S.607 investors who switched from phone-based trading to online trading. these investors began underperforming these indices. their turnover increased to 120% annually. knowledge. Overconfidence leads to excessive trading that can lower portfolio returns. This overconfidence led to excessive trading and lower profits (see Section 4 of this book for further discussion of these issues). trading in the U. Indeed. the increase in trading volume in the stock market during the 1990s is often attributed to the rise in popularity of online trading. Their portfolio returns (after costs) exceeded that of the major indices (like the S&P 500 index). This has also coincided with the proliferation of online message boards. You may be accepting more risk due to underdiversification and a focus on investing in small companies with higher betas. In short. Barber and Odean studied the behavior of 1. which seduce investors into the illusion of control. SUMMING UP Both individual and professional investors can be overconfident about their abilities. Indeed. it appears that they became more overconfident after switching to online trading accounts. investors often become even more overconfident after switching from traditional brokerage trading to online brokerage accounts. and future prospects. investors’ ever increasing use of online brokerage accounts is making them more overconfident than ever before. these investors performed well.7 Even before going online. Was this extra trading fruitful? Before the switch. INVESTMENT MADNESS: How psychology affects your investing…and what to do about it 31 . Finally. After the switch to online trading. stock market seems overly high. Due to the illusion of control.that you can pick stocks. The average dollar amount of the stock traded on just the New York Stock Exchange in one year is roughly equivalent to one-quarter of the world’s total annual economic trade and investment flow. After the switch to online trading. these investors were active traders—their average annual turnover was 70%. Overconfidence also leads to greater risk taking.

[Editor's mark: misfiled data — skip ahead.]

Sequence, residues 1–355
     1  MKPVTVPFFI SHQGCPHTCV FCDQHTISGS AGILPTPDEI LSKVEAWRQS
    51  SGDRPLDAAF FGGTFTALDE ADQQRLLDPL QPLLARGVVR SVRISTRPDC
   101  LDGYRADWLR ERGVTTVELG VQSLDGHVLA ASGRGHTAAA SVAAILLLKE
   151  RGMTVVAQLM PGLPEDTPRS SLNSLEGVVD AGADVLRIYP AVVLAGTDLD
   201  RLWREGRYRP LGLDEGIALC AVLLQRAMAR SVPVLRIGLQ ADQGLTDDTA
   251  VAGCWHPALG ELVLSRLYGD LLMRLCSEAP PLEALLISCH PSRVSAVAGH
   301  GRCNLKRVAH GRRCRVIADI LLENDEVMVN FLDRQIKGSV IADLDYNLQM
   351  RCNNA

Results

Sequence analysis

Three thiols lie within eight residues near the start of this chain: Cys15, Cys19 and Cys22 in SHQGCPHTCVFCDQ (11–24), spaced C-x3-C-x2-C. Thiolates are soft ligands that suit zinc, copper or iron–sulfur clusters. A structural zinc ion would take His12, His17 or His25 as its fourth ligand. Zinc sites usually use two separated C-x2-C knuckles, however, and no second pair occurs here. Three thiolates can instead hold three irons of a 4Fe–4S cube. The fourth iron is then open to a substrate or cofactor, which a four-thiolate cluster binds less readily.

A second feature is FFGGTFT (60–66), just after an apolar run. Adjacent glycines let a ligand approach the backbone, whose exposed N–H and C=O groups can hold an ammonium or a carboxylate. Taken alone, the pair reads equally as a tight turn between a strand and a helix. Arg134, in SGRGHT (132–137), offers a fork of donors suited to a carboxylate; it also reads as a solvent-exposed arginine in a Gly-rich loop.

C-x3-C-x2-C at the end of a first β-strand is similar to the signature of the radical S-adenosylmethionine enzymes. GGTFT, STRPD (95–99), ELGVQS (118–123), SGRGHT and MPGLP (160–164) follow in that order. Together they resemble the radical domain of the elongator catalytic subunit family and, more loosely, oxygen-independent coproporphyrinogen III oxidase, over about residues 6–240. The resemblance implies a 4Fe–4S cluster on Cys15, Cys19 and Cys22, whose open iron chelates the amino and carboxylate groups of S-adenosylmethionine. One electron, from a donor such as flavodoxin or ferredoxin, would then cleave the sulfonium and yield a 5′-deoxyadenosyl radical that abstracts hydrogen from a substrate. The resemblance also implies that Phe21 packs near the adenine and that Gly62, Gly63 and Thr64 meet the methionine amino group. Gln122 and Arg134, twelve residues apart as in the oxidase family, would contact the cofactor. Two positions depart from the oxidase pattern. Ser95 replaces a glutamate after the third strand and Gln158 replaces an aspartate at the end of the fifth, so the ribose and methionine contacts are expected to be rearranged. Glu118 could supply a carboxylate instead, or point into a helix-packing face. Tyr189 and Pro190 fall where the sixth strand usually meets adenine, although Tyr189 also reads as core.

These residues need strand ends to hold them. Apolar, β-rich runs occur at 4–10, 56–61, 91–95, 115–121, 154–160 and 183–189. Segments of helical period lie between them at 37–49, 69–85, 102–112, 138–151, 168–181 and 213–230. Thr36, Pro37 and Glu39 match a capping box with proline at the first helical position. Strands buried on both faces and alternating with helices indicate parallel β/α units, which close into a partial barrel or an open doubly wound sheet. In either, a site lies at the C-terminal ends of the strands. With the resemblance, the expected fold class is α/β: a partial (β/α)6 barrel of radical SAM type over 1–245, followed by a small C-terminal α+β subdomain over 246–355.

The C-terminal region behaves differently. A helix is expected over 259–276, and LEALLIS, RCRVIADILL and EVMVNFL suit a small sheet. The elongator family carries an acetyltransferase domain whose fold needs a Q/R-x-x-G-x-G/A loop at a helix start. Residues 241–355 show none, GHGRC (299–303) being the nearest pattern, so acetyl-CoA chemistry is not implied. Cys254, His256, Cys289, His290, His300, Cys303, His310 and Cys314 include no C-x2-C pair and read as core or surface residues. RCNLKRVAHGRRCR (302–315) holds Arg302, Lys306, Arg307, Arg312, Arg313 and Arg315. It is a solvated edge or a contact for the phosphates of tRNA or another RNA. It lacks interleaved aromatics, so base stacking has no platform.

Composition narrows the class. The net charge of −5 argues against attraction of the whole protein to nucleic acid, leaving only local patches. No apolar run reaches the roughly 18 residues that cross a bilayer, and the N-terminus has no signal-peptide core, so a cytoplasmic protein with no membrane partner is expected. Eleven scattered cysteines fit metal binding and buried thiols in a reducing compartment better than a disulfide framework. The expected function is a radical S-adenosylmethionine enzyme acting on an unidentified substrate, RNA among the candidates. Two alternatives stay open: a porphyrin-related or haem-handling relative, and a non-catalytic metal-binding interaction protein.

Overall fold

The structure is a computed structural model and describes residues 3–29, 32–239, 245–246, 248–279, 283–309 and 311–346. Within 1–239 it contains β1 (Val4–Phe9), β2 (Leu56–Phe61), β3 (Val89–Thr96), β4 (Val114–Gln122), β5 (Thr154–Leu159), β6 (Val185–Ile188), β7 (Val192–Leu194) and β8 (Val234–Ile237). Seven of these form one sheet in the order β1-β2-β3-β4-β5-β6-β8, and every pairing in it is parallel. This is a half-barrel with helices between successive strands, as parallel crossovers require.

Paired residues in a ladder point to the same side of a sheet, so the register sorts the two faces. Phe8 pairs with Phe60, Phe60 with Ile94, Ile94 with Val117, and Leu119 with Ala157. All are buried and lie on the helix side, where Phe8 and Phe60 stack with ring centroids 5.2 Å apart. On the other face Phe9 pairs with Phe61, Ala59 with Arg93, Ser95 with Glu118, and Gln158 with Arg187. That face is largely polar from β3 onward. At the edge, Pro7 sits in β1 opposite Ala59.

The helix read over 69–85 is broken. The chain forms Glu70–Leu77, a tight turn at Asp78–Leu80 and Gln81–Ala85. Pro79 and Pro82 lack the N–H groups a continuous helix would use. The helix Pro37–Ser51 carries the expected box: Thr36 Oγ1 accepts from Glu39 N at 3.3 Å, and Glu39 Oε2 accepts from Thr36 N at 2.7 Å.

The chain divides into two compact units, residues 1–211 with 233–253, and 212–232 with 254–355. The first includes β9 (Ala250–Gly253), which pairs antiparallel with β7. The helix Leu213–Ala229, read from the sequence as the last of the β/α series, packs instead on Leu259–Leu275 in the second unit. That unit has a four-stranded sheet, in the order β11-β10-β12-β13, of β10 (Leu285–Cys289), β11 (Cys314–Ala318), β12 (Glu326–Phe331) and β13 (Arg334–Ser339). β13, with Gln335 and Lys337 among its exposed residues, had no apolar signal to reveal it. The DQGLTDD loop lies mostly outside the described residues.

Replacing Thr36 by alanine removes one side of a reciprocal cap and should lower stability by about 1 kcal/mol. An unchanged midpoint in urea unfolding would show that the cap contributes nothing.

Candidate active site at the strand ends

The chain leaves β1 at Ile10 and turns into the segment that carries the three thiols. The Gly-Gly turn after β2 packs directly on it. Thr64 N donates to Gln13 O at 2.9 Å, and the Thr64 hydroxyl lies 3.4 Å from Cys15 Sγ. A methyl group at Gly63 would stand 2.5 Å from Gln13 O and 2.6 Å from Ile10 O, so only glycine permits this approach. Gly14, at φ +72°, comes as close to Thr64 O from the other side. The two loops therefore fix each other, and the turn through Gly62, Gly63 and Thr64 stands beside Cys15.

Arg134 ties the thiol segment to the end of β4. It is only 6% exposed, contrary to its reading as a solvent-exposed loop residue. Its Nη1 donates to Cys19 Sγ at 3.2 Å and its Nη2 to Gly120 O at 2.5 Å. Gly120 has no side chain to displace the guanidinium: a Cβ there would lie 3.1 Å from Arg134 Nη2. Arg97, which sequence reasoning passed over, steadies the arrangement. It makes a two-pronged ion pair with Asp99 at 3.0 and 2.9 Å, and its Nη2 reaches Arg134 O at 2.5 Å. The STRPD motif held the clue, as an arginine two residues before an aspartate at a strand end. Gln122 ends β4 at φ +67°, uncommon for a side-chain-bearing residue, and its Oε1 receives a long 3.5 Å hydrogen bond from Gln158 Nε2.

1. For details on the Iomega events, see Joseph Nocera, 1996, “Investing in a Fool’s Paradise.” Fortune, April 15: 86–94. 2. Brad Barber and Terrance Odean, 2000, “Boys Will Be Boys: Gender, Overconfidence, and Common Stock Investment,” Quarterly Journal of Economics, forthcoming. 3. Brad Barber and Terrance Odean, 2000, “Trading Is Hazardous to Your Wealth: The Common Stock Investment Performance of Individual Investors,” Journal of Finance 55: 773–806. 4. Greg Ip, 1998, “It’s Official: Stock Market’s Pubs Are Likely to Be Bulls,” Wall Street Journal, July 8. 5. Mark Carhart, 1997, “On Persistence in Mutual Fund Performance,” Journal of Finance 52: 57–82. 6. Richard Sias, 1996, “Volatility and the Institutional Investor,” Financial Analysts Journal, March/April: 13–20. 7. Brad Barber and Terrance Odean, 1999, “Online Investors: Do the Slow Die First?” University of California at Davis working paper, December.





Status Quo—Or What I Own Is Better!


Endowment Effect Status Quo Bias Attachment Bias Overcoming These Biases